The Military Aviation Authority (MAA) will change the requirements for the design and airworthiness of service aircraft to improve safety.
The MAA will update the ‘Design and Airworthiness Requirements for Service Aircraft’ or Defence Standard 970/DS970 to reflect modern aviation. This mirrors regulations for commercial aircraft, which are regularly reviewed and updated.
The MAA maintains the position that DS970 is the benchmark design and airworthiness standard for UK military air systems and, through regulation, should be used as the primary certification code, but several alternative mechanisms to support certification were reviewed and concluded that the UK MOD should continue to own an aircraft certification standard, but that it should be redeveloped and transformed into a specification more suited to certification. To achieve this, DS970 would refer to civil European certification specifications where these could be shown to be suitable in the military context.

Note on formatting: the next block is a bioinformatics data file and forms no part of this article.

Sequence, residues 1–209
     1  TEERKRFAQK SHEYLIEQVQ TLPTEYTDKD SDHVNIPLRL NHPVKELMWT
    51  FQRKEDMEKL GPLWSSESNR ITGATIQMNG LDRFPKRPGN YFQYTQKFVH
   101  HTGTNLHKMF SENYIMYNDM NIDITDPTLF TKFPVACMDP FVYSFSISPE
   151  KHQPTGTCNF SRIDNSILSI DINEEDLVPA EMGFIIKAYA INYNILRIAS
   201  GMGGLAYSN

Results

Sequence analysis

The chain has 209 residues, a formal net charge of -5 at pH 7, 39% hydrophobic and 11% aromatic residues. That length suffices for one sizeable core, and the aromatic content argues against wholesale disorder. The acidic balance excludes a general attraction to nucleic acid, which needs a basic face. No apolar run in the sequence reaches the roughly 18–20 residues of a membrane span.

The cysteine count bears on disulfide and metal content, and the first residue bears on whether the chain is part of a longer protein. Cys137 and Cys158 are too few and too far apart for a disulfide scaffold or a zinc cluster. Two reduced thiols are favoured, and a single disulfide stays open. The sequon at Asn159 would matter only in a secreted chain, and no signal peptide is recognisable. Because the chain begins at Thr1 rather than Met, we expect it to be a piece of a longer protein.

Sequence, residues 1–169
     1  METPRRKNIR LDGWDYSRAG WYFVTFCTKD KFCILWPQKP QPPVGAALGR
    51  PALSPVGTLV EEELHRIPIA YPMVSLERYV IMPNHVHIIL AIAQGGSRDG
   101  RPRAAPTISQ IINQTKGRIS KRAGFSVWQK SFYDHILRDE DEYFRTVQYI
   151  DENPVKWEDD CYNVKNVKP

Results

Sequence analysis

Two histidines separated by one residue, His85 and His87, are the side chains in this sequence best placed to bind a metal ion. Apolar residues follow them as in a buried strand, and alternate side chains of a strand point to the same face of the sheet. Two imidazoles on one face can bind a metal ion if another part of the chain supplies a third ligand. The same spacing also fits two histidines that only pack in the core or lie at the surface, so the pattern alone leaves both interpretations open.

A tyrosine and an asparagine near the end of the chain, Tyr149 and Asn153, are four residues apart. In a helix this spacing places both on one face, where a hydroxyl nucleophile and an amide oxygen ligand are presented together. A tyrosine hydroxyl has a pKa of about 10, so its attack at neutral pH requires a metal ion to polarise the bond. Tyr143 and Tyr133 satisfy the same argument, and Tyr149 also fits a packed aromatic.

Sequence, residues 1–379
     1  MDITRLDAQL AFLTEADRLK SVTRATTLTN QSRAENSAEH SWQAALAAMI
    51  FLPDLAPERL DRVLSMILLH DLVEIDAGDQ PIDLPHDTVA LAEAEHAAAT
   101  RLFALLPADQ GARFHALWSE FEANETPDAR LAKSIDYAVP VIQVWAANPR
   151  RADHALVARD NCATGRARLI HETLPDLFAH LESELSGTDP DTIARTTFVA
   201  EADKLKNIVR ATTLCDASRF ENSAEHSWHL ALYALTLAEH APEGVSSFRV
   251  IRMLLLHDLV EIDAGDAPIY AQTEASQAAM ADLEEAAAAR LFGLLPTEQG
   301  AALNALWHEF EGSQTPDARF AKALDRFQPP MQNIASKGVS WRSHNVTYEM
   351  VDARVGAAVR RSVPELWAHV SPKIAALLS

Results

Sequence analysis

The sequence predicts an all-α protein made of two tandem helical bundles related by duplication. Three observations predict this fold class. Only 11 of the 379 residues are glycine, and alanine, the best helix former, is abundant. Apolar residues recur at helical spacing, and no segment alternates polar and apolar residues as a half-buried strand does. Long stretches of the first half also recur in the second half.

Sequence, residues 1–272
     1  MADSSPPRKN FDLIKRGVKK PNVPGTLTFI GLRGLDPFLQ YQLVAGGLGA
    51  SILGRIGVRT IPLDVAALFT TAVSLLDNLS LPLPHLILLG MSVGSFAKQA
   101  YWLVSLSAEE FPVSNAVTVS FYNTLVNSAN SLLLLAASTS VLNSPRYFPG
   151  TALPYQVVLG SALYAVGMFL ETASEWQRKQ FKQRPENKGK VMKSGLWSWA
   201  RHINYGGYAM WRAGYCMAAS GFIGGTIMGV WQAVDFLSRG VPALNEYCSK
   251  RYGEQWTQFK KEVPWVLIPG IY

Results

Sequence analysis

The redevelopment of DS970 is being undertaken through a transformation project that will deliver a document that is focussed on airworthiness outcomes and better suited for use in certification; it refers to internationally recognised airworthiness codes which have additional ‘military deltas’ applied where necessary. Feedback from both the regulated community and industry highlighted the need to retain the existing DS970 3-column format, clearly identifying Requirements, Compliance, and Guidance, as this was preferred over the approach adopted by the European Aviation Safety Agency (EASA) in their Certification Specification (CS).
The transformation of DS970Part 7 (Rotorcraft) was completed in June 2018 and has been quickly adopted by Defence Equipment & Support (DE&S) Delivery Teams (DT) for the certification of new helicopters in conjunction with EASA CS29. The transformed DS970 Part 1 (Fast Jet Air Systems) will follow later this year.
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